Working for a shared and sustainable future

The UN proclaimed the International Day for Biological Diversity (IDB) increase understanding and awareness of biodiversity issues. When it was created by the Second Committee of the United Nations General Assembly at the end of 1993, December 29 (the date of entry into force of the Convention on Biological Diversity) was designated as an observation day. However, in December 2000, the United Nations General Assembly adopted May 22 as the BID, in part to alleviate the problem faced by many countries struggling to organize programs due to the holiday season. As the text of the Convention was adopted on May 22 (1992), it has been designated as the International Day for Biological Diversity.

The importance of biodiversity and why we need to protect it has been further highlighted during the COVID-19 pandemic. One of the biggest lessons the pandemic has taught us is that we need to develop a strong and sustainable ecosystem to ensure our survival against any similar global threat in the future. And to achieve this, experts say, we must ensure the health of planet Earth’s biological diversity.

According to a note from UNICEF, “Biodiversity is essential to human health and well-being, economic prosperity, food security and other critical areas for all human beings and all human societies. Organisms, ecosystems and ecological processes provide us with oxygen and clean water, they help recycle carbon and fix nutrients, they allow plants to grow, they control pests and diseases, and they help protect against flooding and regulate the climate.”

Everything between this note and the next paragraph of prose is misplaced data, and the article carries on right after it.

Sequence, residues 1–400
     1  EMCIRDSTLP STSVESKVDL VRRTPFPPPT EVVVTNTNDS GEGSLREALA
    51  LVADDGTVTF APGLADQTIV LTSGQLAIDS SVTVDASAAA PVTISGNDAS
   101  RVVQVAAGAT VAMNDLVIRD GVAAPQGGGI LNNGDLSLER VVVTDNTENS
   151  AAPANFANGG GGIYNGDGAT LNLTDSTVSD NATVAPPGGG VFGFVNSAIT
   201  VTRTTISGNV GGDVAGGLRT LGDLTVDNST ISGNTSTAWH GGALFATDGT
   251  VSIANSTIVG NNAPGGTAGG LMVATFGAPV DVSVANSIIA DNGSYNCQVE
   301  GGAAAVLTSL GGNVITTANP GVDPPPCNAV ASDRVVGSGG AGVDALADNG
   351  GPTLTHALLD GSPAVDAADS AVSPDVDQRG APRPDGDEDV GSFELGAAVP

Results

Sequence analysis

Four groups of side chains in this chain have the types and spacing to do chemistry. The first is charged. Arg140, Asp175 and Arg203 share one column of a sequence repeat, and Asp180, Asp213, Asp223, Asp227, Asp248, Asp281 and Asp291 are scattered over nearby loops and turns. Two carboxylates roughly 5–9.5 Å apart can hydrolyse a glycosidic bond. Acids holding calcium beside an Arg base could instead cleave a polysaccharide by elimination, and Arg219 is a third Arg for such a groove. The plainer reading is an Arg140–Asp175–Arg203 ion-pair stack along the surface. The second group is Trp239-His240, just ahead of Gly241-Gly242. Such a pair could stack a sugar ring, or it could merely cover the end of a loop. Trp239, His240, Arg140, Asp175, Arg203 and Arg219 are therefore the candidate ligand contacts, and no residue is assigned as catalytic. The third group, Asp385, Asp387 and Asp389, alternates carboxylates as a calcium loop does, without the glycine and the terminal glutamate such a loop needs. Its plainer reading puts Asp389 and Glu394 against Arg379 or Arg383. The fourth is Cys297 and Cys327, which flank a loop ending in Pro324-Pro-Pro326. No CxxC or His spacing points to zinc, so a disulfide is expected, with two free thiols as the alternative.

UNICEF has also warned that biodiversity is declining faster than it has at any other time in human history. Humans make up just 0.01% of all living creatures, yet have caused the loss of 83% of all wild mammals and half of plants in the past 100 years alone. The way we grow food, produce energy, dispose of waste and consume resources destroys the delicate balance of nature that all species, including our own, depend on for their survival. Also, scientists say, climate change is happening far too quickly for species to adapt and survive.

The UN website pointed out that “biodiversity resources are the pillars” on which civilizations have been built. Fish provides 20% of animal protein to about three billion people. More than 80% of human food is provided by plants. Up to 80% of people living in rural areas of developing countries depend on traditional herbal medicines for basic health care.

Therefore, the loss of biodiversity threatens everyone, including our health. It has been proven that loss of biodiversity can spread zoonoses (diseases transmitted from animals to humans) while, on the other hand, if we keep biodiversity intact, it offers excellent tools to fight against pandemics like those caused by coronaviruses, according to the UN website.